John Sloan depicts a moody Village set apart from the rest of the city in his 1922 painting “The City From Greenwich Village.”
In his notes, he had this to say about the setting, the light, and “chopped out” modern New York:
“Looking south over lower Sixth Avenue from the roof of my Washington Place studio, on a winter evening. The distant lights of the great office buildings downtown are seen in the gathering darkness. The triangular loft building on the right had contained my studio for three years before.
“Although painted from memory it seems thoroughly convincing in its handling of light and space. The spot on which the spectator stands is now an imaginary point since all the buildings as far as the turn of the elevated have been removed, and Sixth Avenue has been extended straight down to the business district.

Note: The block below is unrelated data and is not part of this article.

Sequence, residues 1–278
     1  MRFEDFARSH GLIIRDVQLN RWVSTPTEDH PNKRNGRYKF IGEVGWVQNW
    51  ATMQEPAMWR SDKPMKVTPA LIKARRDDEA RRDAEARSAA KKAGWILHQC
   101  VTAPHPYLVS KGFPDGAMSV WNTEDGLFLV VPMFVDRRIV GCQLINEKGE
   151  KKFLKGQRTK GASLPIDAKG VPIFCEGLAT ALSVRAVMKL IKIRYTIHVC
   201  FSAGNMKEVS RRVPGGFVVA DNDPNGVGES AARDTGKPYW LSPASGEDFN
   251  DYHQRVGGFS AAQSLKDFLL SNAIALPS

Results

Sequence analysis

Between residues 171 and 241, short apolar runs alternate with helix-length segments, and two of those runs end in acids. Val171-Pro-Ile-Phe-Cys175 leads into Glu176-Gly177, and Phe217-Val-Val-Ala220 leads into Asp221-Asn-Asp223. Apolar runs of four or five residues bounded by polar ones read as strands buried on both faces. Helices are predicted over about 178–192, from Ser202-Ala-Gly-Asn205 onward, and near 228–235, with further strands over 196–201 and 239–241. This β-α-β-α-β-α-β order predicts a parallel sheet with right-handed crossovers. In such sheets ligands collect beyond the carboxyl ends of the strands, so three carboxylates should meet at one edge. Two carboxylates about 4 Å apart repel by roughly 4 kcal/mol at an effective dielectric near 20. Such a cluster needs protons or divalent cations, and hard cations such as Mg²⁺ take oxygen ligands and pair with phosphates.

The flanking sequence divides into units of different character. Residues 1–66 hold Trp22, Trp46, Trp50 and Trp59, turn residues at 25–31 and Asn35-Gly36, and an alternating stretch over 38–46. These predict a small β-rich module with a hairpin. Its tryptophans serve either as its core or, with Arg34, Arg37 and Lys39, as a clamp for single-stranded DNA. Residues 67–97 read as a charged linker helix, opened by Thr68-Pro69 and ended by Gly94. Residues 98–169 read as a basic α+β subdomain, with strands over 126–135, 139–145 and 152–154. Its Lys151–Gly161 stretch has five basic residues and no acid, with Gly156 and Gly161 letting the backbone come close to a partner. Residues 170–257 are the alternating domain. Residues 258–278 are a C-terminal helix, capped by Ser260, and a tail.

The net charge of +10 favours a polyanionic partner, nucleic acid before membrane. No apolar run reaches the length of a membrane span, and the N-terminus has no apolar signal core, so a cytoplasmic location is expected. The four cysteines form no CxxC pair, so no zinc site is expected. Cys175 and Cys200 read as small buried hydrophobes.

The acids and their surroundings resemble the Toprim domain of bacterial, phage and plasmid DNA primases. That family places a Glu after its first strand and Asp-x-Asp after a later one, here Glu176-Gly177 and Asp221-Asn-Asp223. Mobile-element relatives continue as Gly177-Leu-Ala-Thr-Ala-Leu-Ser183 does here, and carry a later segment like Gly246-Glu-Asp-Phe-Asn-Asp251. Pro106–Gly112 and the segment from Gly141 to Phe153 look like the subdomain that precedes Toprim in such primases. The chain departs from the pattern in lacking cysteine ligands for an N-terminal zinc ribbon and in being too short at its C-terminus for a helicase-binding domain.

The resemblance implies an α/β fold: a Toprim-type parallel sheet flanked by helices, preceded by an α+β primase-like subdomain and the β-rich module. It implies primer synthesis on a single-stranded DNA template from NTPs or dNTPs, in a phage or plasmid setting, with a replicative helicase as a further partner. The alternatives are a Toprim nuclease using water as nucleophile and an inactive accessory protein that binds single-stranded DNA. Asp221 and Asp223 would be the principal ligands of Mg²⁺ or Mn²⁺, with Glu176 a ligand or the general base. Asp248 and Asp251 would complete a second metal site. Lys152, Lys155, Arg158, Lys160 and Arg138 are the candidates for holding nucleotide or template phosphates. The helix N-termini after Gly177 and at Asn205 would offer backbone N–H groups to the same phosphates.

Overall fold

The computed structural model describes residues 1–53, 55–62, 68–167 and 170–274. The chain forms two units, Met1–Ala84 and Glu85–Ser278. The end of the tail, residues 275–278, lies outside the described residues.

“The picture makes a record of the beauty of the older city which is giving way to the chopped-out towers of the modern New York. Pencil sketch provided details.”